DESTONING remains one of the ‘must do’ chores for potato growers and anything that helps make the operation more efficient can represent a big saving in establishment costs.

The SF visited Fairlie Fresh, to see how James Fairlie and his father, Ian, got on with their two new 5 Webber destoners, from ScanStone, after they’d worked an uninterrupted season.

The Fairlies, who run Kirkton of Monikie, have been impressed with the performance of the new destoners, praising the machine, but also giving in-depth and constructive feedback to the R and D department at the Skea family’s ScanStone’s base, in Angus.

Moving from three machines down to two, meant that the Fairlies were able to make a big saving while still achieving the same output from the same number of acres planted. They commented that the machines were easy to pull with their two John Deere 6215R tractors, able to work both uphill and downhill.

Ian mentioned that having the extra fifth drop meant that some areas did not need to be bed tilled, unlike the previous year, offering more flexibility and lowering costs. He said that they were able to rely on the performance of the destoners, regardless of soil conditions, and said that in a wetter year, the 5 Webbers would really have been worth the investment.

They were also impressed with the new Chateau bed formers that they had on demo earlier in the season and said the destoner followed the Chateau ridges perfectly. The intake disks of the destoner were exactly where they needed to be to pick up all the soil, without missing any stone.

The wheels of the destoner also fitted well into the ridges and prevented unintentional ‘wandering’, while the flatter bed was great in a dry year like this season, as it kept in as much moisture as possible, and offered an even intake and even wear across the width of the destoner.

The wider, steeper bed left by the Chateau ploughs meant that the destoner could work less deep and achieve a more than adequate amount of soil behind the bed, Ian remarked.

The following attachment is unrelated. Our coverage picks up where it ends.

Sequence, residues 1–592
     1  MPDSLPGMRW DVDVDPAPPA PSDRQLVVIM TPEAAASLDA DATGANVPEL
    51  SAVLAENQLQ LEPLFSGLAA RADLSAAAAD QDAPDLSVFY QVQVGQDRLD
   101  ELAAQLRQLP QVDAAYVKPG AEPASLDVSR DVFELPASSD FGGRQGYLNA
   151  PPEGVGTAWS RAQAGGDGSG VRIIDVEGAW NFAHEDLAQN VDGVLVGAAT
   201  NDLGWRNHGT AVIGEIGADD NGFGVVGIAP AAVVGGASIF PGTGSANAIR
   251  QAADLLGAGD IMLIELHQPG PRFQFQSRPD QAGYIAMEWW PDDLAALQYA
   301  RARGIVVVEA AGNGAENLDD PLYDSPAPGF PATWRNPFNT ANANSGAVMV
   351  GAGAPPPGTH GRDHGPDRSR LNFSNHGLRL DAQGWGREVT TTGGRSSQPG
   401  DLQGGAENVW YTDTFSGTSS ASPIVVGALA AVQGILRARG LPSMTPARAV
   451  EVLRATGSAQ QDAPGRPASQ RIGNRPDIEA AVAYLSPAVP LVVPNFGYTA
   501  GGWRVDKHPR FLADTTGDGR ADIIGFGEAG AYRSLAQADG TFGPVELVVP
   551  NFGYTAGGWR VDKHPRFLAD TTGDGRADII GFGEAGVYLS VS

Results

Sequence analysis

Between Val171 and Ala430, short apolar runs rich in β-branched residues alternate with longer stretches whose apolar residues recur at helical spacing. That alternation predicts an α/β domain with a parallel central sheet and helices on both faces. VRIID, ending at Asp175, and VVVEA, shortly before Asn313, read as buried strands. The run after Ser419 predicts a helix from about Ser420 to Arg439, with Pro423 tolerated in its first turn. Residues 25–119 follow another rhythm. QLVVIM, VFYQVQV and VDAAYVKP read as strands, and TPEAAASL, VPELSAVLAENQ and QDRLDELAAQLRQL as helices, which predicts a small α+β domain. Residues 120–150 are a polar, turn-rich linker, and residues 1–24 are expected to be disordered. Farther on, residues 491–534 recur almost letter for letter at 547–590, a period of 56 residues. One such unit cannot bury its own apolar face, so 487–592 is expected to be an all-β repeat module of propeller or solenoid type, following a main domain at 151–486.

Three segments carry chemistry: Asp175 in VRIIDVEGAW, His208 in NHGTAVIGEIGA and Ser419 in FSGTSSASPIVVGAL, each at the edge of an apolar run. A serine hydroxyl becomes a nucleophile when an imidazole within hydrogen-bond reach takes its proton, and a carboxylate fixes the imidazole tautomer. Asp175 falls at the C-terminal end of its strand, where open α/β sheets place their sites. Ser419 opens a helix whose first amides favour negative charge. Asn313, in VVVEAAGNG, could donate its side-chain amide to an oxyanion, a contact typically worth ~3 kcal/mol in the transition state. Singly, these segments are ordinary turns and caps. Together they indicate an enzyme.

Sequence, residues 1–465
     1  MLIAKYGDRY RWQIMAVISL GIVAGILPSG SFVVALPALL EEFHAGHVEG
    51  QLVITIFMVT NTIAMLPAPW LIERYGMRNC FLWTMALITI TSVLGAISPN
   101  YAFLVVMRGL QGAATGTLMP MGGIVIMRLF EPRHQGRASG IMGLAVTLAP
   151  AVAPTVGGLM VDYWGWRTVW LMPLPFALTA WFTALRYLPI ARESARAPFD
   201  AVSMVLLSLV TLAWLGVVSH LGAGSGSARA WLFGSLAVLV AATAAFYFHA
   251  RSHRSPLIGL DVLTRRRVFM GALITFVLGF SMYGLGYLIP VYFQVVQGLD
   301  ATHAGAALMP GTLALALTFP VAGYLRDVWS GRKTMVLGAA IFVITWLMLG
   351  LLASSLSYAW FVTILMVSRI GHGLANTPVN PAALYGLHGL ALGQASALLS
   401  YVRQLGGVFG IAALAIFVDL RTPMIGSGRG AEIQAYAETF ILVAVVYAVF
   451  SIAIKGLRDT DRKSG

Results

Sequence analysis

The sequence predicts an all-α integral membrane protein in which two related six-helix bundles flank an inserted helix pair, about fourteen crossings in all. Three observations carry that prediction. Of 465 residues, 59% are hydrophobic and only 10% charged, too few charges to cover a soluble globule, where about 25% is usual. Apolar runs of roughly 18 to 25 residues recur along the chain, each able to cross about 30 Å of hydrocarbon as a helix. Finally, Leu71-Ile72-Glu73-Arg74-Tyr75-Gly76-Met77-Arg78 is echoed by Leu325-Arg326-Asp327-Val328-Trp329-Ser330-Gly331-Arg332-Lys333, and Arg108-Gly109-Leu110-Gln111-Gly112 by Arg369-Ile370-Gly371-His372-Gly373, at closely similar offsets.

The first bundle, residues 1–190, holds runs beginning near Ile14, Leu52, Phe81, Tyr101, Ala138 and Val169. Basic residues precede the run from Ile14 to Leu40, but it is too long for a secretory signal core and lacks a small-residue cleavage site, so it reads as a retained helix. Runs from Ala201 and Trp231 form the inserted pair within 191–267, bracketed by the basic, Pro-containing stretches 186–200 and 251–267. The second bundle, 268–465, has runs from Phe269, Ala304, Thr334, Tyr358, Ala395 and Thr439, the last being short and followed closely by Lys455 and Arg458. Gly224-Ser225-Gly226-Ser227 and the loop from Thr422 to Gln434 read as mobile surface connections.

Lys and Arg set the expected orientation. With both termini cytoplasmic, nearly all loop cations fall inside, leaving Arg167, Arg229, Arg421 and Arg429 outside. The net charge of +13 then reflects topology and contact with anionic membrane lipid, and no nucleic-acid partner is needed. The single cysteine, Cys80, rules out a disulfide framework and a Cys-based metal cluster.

Comparing the machines to their predecessors, James commented on the soft drive which acted as a shock absorber on the road and reduced strain on both the tractor and machine. It was more comfortable when roading the machines from their farm at Kirkton of Monikie, up to Aberdeenshire, where they also plant potatoes, both said.

The upgraded eight-stud commercial-style axle on the new 5 Webbers meant that road travel was safer and easier, also the bigger 405 R24 wheels seem to fit perfectly in the rows, and their wider width meant less compaction, while being able to flatten the stones in the bed.

The upgraded drawbar, with pick-up hook, meant hitching to and from the tractor was easy, leaving a better clearance at the front of the machine as well.

Working with a longer machine, James was initially unsure about the ease of turning on the headland, however with the increased steering angle on the new 5 Webber, compared to his older machines, the extra length did not pose any issues.

When asked if the slight dip in the beds formed by his ScanStone destoner made any impact planting behind with his six-row planter, James said that it didn’t make a difference to him because the front of the planter had a share to part the soil anyway, and there was always plenty of soil to plant into.

The new control system on the ScanStone was entirely designed, programmed and built in-house, meaning that extra functions that drivers find useful can be added without much hassle. The Fairlies found the control box in the tractor cab easy to work and there were a lot more options for automating processes if desired.

For example, within the automatic headland management system, they were able to lower the share to the pre-set depth, lower the discs, start up the scrubber web at the pre-set speed, start the cross conveyor in the appropriate direction and centre the wheels under one single button.

This meant more attention could be given to adjusting the position of the cross-conveyor frame, ensuring that the stones were always placed precisely between the beds.

However, they both had ideas on how to further improve the control box, which has been taken back to the R and D department in Forfar.